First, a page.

From: Gabriel Dos Reis (gdr_at_[hidden])
Date: 2002-12-07 12:12:03
"Eric Woodruff" <Eric.Woodruff_at_[hidden]> writes:
| "Gabriel Dos Reis" <gdr_at_[hidden]> wrote in message
| > "Eric Woodruff" <Eric.Woodruff_at_[hidden]> writes:
| > [...]
| > | > Thus, given that h.storage is properly aligned, (which is the purpose
| > | the
| > | > other union member), after "new(h.storage) Foo", h.storage contains a
| > | > object. Thus accessing it through a pointer-to-Foo is legal, as Foo is
| > | > dynamic type of the object.
| > | >
| > |
| > | This is precisely my reasoning why reinterpret_cast<> is _not_
| > | implementation defined.
| > |
| > | It must be the case that it is equal to the situation of having
| > |
| > | Foo* -> char */void* -> Foo* if Foo is the dynamic type of the object.
| > After giving more thoughts to the analysis given by Anthony and
| > 5.2.10/1, I think I agree with you're right.
| Well, for a reinterpret_cast to be valid, it must be used to cast away from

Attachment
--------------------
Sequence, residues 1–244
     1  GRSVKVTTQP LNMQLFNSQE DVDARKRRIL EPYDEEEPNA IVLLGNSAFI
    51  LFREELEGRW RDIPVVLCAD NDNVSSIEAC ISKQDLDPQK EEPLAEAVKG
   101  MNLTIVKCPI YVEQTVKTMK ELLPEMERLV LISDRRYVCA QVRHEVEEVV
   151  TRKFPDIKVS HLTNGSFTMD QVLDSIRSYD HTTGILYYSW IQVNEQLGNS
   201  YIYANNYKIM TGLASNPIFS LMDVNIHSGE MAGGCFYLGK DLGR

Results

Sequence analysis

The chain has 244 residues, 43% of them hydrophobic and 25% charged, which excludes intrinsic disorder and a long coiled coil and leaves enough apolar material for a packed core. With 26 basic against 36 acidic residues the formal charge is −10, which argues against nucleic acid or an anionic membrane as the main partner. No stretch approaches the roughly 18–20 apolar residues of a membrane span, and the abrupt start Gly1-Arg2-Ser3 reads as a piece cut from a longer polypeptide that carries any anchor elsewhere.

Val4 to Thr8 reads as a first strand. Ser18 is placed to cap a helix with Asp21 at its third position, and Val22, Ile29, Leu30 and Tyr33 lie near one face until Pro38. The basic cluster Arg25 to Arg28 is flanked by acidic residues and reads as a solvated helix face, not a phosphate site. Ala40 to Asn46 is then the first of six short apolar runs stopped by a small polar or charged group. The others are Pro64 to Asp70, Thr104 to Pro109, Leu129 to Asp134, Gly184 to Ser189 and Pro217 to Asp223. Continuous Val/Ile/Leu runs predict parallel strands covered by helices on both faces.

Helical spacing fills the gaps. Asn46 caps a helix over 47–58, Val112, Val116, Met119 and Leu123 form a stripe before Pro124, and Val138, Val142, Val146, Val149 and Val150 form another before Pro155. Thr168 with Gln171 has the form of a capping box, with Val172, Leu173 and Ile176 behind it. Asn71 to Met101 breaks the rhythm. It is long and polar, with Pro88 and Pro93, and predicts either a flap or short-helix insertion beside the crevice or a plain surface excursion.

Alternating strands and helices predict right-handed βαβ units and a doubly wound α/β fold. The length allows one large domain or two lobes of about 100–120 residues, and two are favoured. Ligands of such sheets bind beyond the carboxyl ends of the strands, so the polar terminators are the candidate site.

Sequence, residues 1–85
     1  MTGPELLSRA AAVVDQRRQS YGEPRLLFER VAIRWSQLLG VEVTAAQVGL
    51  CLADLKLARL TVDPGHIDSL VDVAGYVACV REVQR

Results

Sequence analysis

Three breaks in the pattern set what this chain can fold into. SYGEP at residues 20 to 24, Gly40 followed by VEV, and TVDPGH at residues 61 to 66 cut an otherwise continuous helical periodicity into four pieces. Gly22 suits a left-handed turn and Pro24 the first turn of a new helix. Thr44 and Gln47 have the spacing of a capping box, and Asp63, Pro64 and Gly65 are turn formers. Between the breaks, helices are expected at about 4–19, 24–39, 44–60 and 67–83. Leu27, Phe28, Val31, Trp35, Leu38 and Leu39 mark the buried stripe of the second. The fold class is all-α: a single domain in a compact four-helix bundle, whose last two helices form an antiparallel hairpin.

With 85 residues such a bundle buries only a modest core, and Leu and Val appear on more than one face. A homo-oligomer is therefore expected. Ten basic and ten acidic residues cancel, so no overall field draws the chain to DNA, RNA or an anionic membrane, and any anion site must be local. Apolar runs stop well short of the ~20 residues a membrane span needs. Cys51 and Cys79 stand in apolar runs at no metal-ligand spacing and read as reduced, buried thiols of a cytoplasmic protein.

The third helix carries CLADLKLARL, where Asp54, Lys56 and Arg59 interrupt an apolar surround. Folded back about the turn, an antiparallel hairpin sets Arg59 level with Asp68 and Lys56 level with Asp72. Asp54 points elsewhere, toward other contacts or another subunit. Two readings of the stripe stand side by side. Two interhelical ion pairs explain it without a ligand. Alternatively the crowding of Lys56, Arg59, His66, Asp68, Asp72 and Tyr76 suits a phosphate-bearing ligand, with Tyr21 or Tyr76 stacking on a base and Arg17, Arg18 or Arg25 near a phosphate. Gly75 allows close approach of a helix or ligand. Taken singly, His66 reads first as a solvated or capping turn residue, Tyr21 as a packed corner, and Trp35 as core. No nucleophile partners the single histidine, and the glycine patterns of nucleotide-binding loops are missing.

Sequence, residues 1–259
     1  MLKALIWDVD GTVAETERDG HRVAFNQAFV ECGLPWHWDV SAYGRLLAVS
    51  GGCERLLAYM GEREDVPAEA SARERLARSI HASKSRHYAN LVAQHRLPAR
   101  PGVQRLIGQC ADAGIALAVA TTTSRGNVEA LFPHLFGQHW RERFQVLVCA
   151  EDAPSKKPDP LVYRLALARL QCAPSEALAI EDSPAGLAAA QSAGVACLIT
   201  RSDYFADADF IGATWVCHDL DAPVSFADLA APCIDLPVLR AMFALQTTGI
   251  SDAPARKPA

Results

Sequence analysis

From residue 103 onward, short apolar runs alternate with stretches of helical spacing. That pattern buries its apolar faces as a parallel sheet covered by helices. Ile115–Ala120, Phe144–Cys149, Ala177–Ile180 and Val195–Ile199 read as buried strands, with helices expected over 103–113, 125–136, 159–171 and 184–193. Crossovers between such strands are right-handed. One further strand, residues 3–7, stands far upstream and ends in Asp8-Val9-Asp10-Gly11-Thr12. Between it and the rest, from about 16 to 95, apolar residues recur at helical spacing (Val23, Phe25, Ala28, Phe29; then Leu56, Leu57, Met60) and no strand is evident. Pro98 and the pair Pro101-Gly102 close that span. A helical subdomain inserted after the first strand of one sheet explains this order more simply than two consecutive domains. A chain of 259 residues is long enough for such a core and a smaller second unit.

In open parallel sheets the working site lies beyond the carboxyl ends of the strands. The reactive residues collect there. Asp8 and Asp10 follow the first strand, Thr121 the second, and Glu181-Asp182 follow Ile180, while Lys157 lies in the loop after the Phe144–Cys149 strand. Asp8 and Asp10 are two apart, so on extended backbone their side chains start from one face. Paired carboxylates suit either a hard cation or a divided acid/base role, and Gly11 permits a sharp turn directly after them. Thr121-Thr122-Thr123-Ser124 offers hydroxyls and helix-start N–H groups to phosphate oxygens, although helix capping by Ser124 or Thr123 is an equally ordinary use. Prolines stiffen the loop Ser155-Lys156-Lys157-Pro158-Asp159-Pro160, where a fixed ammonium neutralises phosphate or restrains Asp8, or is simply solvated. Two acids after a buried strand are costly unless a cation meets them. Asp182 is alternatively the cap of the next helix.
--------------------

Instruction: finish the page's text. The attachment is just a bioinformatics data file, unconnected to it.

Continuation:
| the type, and return to it.
Not necessarily: It is permitted to have the source type be
identitical to the target type. But that is a minor nit.
| In my example, I was only returning to it. I
| question the validity of that. If new (p) Object; takes a void* and does an
| implicit cast, I don't think there is any reinterpret_casting taking place
| on the inside.
Certainly, there is no reinterpret_cast<> happening here. However,
the result of reinterpret_cast<>ing a Foo* to void* is the result of
converting a Foo* to void* (that is what I understand from 5.2.10/1),
therefore the two happen to have the same value there.
| However, I think there must be some kind of cast to char* to
| allocate the memory in number of bytes, but I'm not sure. The size of char
| is not necessarily 1 byte, correct? So either way, this allocation
| implementation defines what happens.
I'm afraid I don't undertand this part. Could you elaborate? What do
you mean by "The size of char is not necessarily 1 byte".
| Again, however, I mentioned in a different post that we could always force a
| reinterpret_cast<> via new (reinterpret_cast<void*> (h.storage)) Object, but
| if an implementation remembers that h.storage is an unsigned char*, or even
| if it doesn't, I think reinterpret_cast may only be valid to cast void*
| h.storage to unsigned char* h.storage.
Anthony convincingly showed that provided
(1) h.storage is properly aligned
(2) an object is properly constructed at h.storage
the type rules allows one to reinterpret_cast<>/static_cast<> to a
Foo* -- even an implementation that monitors memory access ought to
to accept that usage.
Or do you think I misundertstand your point?
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